The court said that there may be a degree of incompatibility between the "advisory" activities carried out by a lawyer and the "supervisory" activities carried out by an accountant. "Accountants, who perform a task of certification of accounts, are not, in the Netherlands, subject to a duty of secrecy comparable to that of members of the Bar.

"That being so," the court said, "it was reasonable for the Netherlands rules to impose binding measures, despite the effects entailed, which are restrictive of competition, because those measures are necessary for the proper practice of the legal profession."

However, accountants are hopeful that the current setbacks thwarting MDPs are temporary. "The attorney/CPA MDP will happen. The concept is broader than any one profession," said Tom Wilson, chief operating officer of the Sarasota, Fla.-based Academy of Multidisciplinary Practice.

"To be sure," Wilson added, "attorneys will be slower to adopt the MDP concept than CPAs, many of whom already partner with other professionals. But the advantages of lower cost, economies of scale, comprehensive service offerings and collaborative synergies will put competitive pressure on members of different professions to work together."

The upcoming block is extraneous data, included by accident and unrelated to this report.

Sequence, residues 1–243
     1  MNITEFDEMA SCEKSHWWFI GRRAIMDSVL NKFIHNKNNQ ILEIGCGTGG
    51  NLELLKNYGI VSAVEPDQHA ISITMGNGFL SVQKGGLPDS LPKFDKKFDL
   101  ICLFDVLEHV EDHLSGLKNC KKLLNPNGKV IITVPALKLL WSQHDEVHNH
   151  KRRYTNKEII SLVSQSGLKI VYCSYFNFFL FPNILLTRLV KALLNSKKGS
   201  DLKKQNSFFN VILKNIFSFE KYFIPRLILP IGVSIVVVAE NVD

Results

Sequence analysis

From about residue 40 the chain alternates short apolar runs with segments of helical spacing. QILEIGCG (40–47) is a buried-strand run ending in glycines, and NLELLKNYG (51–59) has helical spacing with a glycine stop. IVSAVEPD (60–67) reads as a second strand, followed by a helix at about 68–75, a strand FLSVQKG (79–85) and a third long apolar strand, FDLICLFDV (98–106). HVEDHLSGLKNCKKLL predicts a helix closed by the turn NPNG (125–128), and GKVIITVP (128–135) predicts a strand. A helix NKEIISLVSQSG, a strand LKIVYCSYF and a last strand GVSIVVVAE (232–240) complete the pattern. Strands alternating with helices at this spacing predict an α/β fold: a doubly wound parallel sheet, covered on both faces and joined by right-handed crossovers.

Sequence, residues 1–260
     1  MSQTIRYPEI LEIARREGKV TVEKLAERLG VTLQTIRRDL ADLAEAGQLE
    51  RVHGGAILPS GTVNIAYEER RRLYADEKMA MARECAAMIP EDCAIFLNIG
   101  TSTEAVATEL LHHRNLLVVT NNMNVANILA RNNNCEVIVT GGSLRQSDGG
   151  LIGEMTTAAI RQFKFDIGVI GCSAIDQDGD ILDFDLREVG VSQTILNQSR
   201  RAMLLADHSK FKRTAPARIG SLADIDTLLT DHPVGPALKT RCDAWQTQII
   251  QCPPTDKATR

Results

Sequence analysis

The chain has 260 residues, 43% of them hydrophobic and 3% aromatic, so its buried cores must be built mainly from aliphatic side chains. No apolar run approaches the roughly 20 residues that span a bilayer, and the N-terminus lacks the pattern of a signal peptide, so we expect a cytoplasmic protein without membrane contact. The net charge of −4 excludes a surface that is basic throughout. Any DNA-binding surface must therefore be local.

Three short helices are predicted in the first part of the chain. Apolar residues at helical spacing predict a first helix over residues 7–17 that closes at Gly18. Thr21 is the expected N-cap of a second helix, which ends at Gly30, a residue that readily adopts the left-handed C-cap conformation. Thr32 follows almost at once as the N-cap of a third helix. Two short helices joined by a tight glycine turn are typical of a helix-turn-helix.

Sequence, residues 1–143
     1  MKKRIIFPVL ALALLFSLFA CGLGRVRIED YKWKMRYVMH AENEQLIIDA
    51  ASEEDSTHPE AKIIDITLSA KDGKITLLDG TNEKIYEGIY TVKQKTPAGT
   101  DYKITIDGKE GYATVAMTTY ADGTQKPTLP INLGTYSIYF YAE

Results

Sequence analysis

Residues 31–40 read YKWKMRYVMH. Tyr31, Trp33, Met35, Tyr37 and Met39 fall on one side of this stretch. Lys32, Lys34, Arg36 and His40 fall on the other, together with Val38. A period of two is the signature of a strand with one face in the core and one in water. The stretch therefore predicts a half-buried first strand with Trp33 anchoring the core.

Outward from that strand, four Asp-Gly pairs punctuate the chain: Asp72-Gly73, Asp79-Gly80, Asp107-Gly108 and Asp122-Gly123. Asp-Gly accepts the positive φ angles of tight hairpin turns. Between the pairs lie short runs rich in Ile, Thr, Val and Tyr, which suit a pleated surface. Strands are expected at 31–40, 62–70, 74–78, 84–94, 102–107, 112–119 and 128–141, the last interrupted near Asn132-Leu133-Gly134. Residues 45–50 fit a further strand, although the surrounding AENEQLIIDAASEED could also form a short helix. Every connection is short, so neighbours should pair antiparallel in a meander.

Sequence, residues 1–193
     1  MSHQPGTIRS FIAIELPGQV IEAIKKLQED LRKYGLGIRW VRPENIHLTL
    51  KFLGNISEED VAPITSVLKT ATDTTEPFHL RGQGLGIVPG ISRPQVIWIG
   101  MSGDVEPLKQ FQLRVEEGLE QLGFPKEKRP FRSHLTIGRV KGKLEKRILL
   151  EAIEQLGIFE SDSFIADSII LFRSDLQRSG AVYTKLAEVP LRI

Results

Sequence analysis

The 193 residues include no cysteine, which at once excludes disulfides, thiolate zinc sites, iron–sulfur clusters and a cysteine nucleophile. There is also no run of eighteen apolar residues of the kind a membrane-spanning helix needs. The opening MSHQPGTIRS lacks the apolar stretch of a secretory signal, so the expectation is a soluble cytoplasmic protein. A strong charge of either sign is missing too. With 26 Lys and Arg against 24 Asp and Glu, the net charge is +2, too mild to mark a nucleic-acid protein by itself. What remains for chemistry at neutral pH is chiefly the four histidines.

"The reluctance of some attorney groups to sanction MDPs with other professionals reflects a different professional culture, and a view of professional services firms that focuses on situations where the professions are least compatible," said Woehlke. "For example," he said, "an MDP doing both audit and litigation for the same client would create a problem. The question is, are there other services that are more compatible, perhaps doing contract drafting and auditing or retirement planning and auditing."

According to Wilson, the Andersen woes may actually help set the stage for more MDPs. "It will accelerate the discussion around critical items, such as ethics, disclosure, confidentiality, attorney-client privilege and conflict of interest. The government regulatory agencies will institute aggressive change and control measures and these may serve as parameters for defining MDPs. Now, at least, there’ll be some rules to bring to the table and make a part of the discussion."